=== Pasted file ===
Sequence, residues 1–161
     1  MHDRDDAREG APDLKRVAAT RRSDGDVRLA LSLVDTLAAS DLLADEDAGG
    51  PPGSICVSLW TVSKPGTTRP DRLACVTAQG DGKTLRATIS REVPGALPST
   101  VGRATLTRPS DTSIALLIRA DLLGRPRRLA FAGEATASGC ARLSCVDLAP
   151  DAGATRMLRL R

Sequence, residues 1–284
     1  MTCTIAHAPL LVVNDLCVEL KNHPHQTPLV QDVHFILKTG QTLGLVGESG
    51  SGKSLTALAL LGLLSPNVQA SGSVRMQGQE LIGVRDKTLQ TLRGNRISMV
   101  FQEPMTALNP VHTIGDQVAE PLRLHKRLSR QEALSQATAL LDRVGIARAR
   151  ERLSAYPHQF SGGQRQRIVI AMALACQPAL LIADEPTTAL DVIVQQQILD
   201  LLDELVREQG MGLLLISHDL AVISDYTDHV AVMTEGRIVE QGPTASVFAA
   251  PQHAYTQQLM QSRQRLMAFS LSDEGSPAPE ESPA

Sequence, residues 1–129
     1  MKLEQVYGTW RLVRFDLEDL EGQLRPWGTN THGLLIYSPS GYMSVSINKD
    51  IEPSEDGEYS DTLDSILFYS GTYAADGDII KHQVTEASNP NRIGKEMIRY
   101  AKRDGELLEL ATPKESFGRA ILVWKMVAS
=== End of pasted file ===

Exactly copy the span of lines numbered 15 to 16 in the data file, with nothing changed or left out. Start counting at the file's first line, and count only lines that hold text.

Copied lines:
    51  IEPSEDGEYS DTLDSILFYS GTYAADGDII KHQVTEASNP NRIGKEMIRY
   101  AKRDGELLEL ATPKESFGRA ILVWKMVAS